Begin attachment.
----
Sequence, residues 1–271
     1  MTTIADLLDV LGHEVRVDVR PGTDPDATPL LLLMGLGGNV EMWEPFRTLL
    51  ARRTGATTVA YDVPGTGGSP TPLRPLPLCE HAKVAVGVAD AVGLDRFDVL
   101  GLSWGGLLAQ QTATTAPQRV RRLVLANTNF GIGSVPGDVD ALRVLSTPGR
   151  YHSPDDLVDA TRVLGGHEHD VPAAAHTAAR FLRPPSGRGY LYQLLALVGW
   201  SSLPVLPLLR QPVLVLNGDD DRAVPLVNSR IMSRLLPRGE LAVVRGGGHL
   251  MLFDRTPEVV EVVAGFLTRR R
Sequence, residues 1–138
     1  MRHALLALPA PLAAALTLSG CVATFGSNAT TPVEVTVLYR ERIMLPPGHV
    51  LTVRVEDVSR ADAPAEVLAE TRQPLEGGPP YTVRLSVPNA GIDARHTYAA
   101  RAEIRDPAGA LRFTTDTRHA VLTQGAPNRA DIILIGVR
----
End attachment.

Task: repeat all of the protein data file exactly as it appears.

Sequence, residues 1–271
     1  MTTIADLLDV LGHEVRVDVR PGTDPDATPL LLLMGLGGNV EMWEPFRTLL
    51  ARRTGATTVA YDVPGTGGSP TPLRPLPLCE HAKVAVGVAD AVGLDRFDVL
   101  GLSWGGLLAQ QTATTAPQRV RRLVLANTNF GIGSVPGDVD ALRVLSTPGR
   151  YHSPDDLVDA TRVLGGHEHD VPAAAHTAAR FLRPPSGRGY LYQLLALVGW
   201  SSLPVLPLLR QPVLVLNGDD DRAVPLVNSR IMSRLLPRGE LAVVRGGGHL
   251  MLFDRTPEVV EVVAGFLTRR R
Sequence, residues 1–138
     1  MRHALLALPA PLAAALTLSG CVATFGSNAT TPVEVTVLYR ERIMLPPGHV
    51  LTVRVEDVSR ADAPAEVLAE TRQPLEGGPP YTVRLSVPNA GIDARHTYAA
   101  RAEIRDPAGA LRFTTDTRHA VLTQGAPNRA DIILIGVR